Yo-Yo, Fontaine & Slick wear suits like the lab workers and explore the lab. They see several black people kept in cages with white men taking notes about their behavior. The eerie look leads them to a realization that these people are trying an evil experimental therapy like A Clockwork Orange. They figure these people are using chicken, music, and certain phrases to control their (Black people’s) minds. Soon after, Fontaine and Slick both see clones that look exactly like them. Slick gets so frustrated that he starts shooting at this clone.
After escaping this underground lab, they get followed by many such clones. They run for their lives, eventually leading them to meet one of Fontaine’s clones, all suited up. Nixon (Kiefer Sutherland) accompanies this clone. The clone reveals that the experiments are being conducted to achieve peace in the United States. He advises the trio to ignore that it is a trap and tells them to embrace ignorance. It ultimately helps the white lot like Nixon to control the minds of black people – with predictable triggers without being questioned for their nefarious experiments. We witness it the moment Nixon says ‘Olympia Black,’ Fontaine and Slick start acting exactly as per Nixon’s orders. He lets them go only under the condition that they will stop investigating these crimes.
Because of this, Fontaine loses hope in the investigation. He tells Yo-Yo that their neighborhood is filled with criminals desperate for a quick buck. Besides his realization about clones, he makes a shocking discovery about his mother. It turns out the mother’s voice speaking from inside the room was just a taped recording. It was meant to keep him under the illusion that his mother was inside. As a result, he also starts doubting whether his younger brother was killed or not.
When he and Slick regain their hope, Yo-Yo goes missing. They believe evil scientists have locked her inside the facility. To rescue her, Slick plans to join hands with Isaac to fake Fontaine’s death. As per their agreement, Isaac shoots Fontaine right on the shoulder to leave a mark but not kill him. That way, Fontaine manages to infiltrate the facility as a ‘dead body.’ While Slick and Isaac drive there with an army full of men, Fontaine forces a scientist to let the men inside.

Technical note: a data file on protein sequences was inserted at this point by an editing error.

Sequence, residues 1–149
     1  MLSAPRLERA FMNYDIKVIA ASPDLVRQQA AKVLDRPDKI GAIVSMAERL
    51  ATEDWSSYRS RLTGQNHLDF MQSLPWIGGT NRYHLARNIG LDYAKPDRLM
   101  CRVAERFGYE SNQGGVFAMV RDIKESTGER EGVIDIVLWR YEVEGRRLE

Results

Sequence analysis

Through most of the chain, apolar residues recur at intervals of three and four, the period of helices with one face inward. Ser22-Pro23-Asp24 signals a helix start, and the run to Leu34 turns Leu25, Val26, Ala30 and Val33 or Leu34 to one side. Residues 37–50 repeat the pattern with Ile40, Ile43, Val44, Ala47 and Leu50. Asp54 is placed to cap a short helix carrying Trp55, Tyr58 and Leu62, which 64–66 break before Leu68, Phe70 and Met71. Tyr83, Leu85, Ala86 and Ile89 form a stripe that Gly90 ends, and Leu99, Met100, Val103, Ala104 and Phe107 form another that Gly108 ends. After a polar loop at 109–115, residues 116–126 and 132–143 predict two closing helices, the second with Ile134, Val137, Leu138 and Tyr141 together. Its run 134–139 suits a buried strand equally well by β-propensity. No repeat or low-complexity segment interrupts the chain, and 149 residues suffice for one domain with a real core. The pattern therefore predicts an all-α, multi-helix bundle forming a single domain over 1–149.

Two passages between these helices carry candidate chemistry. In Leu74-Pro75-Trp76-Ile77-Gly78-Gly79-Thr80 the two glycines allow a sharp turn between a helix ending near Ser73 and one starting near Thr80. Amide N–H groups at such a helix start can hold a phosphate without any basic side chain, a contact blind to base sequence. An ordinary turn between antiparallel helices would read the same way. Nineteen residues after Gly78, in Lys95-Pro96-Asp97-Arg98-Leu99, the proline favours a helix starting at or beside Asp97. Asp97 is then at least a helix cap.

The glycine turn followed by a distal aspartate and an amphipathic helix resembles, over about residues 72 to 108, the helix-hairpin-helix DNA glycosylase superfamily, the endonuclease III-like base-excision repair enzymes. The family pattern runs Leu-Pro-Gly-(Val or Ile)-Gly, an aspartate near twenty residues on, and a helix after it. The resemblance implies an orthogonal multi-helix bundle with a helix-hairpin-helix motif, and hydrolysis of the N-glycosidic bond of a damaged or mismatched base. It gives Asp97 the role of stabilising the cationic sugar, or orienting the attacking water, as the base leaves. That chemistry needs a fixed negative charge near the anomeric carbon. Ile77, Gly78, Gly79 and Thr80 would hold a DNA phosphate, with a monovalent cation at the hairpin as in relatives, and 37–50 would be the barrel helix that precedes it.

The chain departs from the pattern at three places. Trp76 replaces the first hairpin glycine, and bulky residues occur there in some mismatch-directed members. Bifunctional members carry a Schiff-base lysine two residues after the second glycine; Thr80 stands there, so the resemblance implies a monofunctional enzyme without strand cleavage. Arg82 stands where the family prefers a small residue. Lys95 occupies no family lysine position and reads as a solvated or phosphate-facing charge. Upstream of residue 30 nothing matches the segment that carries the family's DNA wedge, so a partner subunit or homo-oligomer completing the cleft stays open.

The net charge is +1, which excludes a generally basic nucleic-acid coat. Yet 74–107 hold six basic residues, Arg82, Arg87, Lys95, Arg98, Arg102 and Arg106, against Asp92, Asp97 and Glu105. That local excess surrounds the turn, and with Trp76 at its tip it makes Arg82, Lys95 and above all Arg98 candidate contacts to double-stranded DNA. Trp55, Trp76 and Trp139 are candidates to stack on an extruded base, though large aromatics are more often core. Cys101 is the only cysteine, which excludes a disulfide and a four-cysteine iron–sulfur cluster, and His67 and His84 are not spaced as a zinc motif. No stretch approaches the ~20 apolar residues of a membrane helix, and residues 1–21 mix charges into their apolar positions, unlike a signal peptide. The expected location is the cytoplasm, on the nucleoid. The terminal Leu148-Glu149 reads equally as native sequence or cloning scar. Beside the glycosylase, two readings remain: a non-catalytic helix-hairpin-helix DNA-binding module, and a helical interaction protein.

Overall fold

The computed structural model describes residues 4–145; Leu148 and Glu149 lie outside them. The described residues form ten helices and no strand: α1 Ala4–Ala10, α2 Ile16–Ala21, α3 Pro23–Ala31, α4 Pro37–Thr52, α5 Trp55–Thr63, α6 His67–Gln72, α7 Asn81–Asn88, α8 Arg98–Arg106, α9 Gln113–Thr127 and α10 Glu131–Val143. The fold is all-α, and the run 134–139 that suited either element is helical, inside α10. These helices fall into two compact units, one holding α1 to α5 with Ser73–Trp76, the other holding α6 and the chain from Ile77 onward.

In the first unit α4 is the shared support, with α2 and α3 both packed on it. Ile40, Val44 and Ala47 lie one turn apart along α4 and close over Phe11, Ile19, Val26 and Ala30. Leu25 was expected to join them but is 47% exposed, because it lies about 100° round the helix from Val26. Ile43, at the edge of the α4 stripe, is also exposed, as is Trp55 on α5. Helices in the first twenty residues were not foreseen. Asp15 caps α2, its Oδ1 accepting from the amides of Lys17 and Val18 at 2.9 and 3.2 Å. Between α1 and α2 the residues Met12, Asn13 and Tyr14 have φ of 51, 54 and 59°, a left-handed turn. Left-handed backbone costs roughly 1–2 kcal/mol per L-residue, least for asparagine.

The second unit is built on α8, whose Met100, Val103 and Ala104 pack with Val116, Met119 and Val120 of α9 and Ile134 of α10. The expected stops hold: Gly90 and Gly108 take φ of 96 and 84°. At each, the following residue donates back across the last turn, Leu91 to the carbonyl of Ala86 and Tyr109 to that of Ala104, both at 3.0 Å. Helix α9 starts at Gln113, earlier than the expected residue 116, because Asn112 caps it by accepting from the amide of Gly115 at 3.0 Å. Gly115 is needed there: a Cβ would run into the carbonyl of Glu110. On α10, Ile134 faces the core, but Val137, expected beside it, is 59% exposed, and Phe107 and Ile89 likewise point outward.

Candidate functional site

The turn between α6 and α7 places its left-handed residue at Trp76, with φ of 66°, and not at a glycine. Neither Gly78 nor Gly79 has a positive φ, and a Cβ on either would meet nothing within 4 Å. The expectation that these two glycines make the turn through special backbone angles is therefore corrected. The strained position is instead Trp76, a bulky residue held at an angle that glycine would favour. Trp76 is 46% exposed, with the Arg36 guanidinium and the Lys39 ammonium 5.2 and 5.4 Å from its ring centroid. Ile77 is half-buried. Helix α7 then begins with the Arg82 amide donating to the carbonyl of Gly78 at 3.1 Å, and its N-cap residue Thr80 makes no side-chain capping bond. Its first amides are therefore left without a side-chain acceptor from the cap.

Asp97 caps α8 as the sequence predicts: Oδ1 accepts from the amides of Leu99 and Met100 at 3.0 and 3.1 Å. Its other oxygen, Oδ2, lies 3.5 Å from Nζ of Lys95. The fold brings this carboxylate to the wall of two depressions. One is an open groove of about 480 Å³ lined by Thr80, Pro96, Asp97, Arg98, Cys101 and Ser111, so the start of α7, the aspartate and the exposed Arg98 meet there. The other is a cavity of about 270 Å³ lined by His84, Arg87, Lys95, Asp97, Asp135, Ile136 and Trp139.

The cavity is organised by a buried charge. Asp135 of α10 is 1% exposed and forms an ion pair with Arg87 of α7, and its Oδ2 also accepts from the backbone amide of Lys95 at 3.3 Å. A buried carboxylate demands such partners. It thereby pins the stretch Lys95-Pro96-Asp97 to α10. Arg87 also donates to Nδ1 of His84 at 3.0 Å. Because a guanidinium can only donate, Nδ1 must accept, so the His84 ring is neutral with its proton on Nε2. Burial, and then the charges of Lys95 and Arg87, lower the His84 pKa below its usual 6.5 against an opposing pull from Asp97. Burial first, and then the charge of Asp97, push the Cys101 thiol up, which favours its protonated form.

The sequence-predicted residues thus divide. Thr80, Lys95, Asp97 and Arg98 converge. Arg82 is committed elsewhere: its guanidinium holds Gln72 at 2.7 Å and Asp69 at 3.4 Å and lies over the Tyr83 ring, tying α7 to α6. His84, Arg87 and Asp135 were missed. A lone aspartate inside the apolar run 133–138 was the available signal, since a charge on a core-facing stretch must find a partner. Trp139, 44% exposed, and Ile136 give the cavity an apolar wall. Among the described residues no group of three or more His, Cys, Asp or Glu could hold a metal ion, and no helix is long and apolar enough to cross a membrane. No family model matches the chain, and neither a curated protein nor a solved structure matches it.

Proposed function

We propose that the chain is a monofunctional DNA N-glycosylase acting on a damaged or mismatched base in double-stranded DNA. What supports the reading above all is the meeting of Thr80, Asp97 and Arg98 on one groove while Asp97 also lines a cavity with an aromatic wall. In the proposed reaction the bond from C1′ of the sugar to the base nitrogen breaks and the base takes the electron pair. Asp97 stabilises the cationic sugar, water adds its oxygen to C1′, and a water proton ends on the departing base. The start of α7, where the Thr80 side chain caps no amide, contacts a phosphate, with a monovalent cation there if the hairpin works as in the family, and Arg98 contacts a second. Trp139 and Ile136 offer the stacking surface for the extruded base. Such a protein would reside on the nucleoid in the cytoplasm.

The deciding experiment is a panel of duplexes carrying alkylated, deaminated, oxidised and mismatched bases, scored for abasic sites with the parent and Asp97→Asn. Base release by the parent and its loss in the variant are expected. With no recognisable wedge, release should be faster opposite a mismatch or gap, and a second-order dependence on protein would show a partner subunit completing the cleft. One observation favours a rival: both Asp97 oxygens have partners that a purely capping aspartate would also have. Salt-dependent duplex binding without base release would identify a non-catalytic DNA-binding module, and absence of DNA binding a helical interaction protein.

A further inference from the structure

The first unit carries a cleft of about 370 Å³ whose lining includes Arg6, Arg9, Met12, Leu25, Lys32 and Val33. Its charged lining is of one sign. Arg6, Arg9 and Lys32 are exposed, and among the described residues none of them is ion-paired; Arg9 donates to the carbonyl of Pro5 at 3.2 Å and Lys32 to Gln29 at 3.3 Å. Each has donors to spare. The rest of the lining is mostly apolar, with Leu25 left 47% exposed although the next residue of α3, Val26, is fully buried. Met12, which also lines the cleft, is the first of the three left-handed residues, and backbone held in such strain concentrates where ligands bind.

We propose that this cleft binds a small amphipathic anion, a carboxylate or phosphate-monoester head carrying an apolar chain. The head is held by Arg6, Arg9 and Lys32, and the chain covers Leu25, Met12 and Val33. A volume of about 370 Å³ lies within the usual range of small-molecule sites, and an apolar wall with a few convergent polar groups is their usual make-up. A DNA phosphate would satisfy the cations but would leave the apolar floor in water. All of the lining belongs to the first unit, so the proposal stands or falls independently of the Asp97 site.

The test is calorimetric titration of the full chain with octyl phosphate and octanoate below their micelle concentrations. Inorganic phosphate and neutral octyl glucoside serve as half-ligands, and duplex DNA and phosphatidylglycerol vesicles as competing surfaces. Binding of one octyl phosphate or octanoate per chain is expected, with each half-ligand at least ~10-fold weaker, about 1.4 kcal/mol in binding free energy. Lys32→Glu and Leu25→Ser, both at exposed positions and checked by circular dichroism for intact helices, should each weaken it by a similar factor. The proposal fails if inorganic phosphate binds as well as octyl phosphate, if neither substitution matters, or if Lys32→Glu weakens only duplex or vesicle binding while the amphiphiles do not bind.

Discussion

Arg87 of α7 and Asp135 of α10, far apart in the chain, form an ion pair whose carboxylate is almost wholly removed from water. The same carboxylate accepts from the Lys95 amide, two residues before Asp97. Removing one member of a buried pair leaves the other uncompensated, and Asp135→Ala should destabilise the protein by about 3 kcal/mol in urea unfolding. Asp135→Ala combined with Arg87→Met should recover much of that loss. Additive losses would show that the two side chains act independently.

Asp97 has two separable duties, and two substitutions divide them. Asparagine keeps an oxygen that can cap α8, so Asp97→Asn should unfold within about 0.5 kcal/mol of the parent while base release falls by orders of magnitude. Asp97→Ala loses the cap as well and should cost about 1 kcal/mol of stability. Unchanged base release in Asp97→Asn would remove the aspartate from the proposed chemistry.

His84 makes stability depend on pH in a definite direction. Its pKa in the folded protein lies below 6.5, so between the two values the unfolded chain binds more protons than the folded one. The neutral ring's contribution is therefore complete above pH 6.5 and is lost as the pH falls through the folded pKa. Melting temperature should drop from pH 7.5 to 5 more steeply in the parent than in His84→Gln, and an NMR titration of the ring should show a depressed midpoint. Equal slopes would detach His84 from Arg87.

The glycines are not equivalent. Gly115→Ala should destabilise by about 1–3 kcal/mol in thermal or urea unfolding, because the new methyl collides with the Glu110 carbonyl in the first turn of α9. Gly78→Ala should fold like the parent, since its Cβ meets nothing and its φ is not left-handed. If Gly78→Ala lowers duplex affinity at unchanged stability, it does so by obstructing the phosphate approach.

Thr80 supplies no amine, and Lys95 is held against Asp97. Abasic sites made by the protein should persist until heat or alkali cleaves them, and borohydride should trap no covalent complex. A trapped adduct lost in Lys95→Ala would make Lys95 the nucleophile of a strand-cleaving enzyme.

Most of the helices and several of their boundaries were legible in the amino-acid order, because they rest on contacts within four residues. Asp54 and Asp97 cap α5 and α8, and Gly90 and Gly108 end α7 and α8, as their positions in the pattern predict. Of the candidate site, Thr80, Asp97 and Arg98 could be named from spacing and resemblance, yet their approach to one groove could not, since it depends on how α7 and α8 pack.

Yo-Yo saves herself and joins Slick in the fight, thanks to their clever efforts. Nixon tries to sway their minds. They make him think that he killed Slick, while the actual Slick walks there to bring him down. By that time, Yo-Yo entices Nixon by showing another way (Slick’s style) in which he can manipulate black folks. After all, controlling minds by using one’s weak spots is how evil minds rise to the top.
They Cloned Tyrone (2023) Movie Ending Explained:
The Metaphors Behind Clones & Assimilation
Fontaine comes across an old man in a suit during his time in the facility. One of his clones reveals that he is the lead geneticist of the operation. The old man calls himself the original Fontaine, who shared his DNA for further cloning. He confirms that his young brother – Ronnie, did, in fact, die because of cops. Due to the trauma of this dreadful experience, he joined hands with evil forces. ‘Assimilation is better than annihilation,’ he says. He believes it is a way for them to attain peace instead of being killed the way his younger brother did. At its core, They Cloned Tyrone’s assimilation is a metaphor for how white America accepts black people only when they behave in certain, white-appropriate ways. The clones reflect how the white folks intentionally keep black people impoverished to maintain inequality.
To save himself, young Fontaine says the trigger phrase – ‘Olympia Black,’ which invites every clone controlled by it. It shows how the collective force can be powerful in the face of evil. Eventually, Fontaine, Slick, and Yo-Yo manage to escape this strange lab with all the clones. In the outside world, it becomes breaking news – since several naked people appear on the streets out of nowhere. As a result, the truth about the secret lab becomes public. Ultimately, we hear Fontaine agreeing to join Slick on a further adventure to fight against such forces across the country. But the film does not conclude with a defining ending and gives us a little more to chew upon.
Right after the title card comes on, we see a man, identical to Fontaine, waking up and following his daily routine in LA. Later, on the TV, he and his friends watch the news of clones coming out on the streets. One of these clones resembles Fontaine. Right after seeing their friend’s lookalike, one of the friends asks, ‘Ain’t that you, Tyrone?’ So, with the film’s open-ended, ambiguous final note, we finally get to hear the reason behind the title.
It hints at the realization that more people have similar daily experiences. They still need to struggle to get out of the lives they are made to live. The abrupt ending forces us to realize the importance of collective force. Instead of the forces trying to break the community, one can hope for a better future by sticking together. That’s how Fontaine got out with all the clones.